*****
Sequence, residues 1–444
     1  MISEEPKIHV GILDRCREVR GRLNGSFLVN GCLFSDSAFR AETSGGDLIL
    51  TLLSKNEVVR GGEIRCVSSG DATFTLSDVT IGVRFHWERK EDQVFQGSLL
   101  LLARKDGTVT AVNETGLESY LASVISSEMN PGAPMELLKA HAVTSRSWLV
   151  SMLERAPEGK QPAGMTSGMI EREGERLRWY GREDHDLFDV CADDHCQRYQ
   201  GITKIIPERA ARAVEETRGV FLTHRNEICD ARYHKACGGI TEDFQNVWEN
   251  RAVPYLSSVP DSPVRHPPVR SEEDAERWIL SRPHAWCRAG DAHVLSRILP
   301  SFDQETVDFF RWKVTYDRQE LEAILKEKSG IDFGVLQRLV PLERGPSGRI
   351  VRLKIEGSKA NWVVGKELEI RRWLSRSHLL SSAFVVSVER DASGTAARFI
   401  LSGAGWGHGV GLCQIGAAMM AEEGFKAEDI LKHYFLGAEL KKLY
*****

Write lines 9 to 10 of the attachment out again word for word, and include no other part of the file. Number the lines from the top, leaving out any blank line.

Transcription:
   351  VRLKIEGSKA NWVVGKELEI RRWLSRSHLL SSAFVVSVER DASGTAARFI
   401  LSGAGWGHGV GLCQIGAAMM AEEGFKAEDI LKHYFLGAEL KKLY